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Young Entrepreneurs – Lyon by Light

In Lyon Team Red had a discussion in Cooperation with the local University group of „Esprit critique“,
a group that promotes Media competition among young people, so they get the means to inform and
express themselves. In this discussion 20 AEGEE members from all over Europe participated actively.
Among other things they debated on topics such as “Flexibility in the job market”.  In Switzerland or
Finland its quite easy to find a new job, when leaving the old one, so it is not considered a big problem,
especially as a result of the successful implementation of the Youth Guarantee system, while in Spain
and Italy, it is almost impossible. Everyone agreed that more awareness need to be raised on the issue
in order to ease the situation but also the importance of flexibility for the companies was underlined
as being crucial for achieving mutually satisfying results.

Everybody agreed that unpaid internships and the ones that are paid below any existential minimum
are not acceptable. There should be clear guidelines for internships that provide a balance between
gaining of experience and cheap labour force, without consuming real jobs. Internships aim to bridge
the gap between graduation and employment, providing us with valuable practical skills; one of them
is to reconsider working for free and even overburdening ourselves for a positive reference but no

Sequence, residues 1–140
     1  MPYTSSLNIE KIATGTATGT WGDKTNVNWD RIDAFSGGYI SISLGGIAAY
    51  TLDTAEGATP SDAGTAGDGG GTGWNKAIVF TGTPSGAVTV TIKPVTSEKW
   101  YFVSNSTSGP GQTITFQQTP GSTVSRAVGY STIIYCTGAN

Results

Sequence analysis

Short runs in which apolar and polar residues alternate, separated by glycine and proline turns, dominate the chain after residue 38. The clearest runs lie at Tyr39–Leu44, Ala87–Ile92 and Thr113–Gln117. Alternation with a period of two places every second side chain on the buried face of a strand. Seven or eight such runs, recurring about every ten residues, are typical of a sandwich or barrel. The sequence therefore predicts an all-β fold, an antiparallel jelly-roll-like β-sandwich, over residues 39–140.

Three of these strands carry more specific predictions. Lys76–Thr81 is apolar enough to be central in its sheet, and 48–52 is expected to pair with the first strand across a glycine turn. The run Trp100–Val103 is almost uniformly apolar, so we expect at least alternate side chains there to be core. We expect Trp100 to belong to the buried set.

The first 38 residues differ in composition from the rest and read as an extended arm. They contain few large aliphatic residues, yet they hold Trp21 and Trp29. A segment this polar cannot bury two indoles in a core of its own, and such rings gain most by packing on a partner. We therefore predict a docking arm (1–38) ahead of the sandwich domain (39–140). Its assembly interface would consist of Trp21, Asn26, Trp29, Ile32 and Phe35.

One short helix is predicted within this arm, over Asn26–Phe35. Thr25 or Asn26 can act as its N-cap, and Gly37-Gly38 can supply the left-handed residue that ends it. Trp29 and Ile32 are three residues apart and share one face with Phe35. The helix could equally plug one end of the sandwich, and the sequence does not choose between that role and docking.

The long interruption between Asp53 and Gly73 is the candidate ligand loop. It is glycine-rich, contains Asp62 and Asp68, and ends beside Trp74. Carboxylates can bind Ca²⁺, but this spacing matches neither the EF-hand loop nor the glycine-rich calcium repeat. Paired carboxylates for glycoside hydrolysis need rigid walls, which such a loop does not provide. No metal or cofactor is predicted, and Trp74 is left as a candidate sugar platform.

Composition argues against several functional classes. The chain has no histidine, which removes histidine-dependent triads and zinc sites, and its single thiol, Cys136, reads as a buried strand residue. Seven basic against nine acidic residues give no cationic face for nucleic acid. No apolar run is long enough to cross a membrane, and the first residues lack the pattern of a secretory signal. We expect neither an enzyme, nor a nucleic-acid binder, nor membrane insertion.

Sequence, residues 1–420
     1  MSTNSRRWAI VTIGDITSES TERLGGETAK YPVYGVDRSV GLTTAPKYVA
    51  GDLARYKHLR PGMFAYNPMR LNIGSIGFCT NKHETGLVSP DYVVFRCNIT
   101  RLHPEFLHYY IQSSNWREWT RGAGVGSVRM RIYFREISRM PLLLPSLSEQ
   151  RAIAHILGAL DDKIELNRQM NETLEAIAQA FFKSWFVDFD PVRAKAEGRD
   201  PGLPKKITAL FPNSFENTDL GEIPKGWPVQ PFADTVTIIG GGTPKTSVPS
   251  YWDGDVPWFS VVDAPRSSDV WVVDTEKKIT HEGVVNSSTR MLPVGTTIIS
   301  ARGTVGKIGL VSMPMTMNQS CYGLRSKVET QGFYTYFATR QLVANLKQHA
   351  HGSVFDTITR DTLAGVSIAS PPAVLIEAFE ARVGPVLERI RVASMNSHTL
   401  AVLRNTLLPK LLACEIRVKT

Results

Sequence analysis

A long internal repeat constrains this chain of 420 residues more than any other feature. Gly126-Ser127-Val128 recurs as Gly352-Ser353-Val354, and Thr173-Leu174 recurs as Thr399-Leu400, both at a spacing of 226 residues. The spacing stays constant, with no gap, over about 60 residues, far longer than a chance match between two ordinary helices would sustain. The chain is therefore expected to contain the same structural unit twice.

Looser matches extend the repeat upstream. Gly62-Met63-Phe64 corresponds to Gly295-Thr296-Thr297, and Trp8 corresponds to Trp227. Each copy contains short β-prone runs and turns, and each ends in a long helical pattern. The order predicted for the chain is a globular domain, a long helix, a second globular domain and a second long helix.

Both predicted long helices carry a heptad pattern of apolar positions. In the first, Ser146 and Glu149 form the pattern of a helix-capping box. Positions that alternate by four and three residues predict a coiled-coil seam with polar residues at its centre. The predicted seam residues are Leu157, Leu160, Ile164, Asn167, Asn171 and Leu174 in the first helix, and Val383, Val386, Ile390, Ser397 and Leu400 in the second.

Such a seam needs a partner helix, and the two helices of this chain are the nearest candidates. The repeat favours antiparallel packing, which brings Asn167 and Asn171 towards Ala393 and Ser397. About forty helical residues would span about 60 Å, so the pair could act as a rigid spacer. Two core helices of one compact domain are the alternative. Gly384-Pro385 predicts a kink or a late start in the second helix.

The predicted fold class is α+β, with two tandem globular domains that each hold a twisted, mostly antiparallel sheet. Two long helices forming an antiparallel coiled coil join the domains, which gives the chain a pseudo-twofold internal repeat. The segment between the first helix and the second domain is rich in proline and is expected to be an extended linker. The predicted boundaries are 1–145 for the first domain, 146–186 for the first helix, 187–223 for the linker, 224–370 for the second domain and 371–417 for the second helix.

clear-cut benefits?

AEGEE Lyon hosted Benni, Héloïse and Natalia generously during their event of „Lyon by lights“
a big city festival, with light shows and installations everywhere and over 3 million visitors
– which made everything more complicated but definitely worthwhile.

Additionally Team Red had an interview with two young entrepreneur students from Belgium
and Switzerland. “Entrepreneurs are absolutely essential for Europe as they involve other people
in their projects and create jobs when opening their own business.” Nonetheless Alexandra (23)
also mentioned the negative image of entrepreneurs in some countries and the prejudices she faces
as someone who wants her own company: “A lot of people feel like entrepreneurs are rich people
whose only goal is to make more money out of what they already have. They don’t see the amount
of work and the danger that lies behind it.”

On the other hand social entrepreneurship (opening a business with the goal to change society for
the better) is much more respected even though the “creators” are often people who have made
money out of their own business beforehand. Lea (22) thinks that society does not understand why
one opens his/her own business. “School only prepares you for a regular job. Be good in school
and you’ll find work. Therefore they both agree that entrepreneurship should be more encouraged
and promoted. For example through a ”how-to-open-your- own-company-stand” during job fairs
at universities.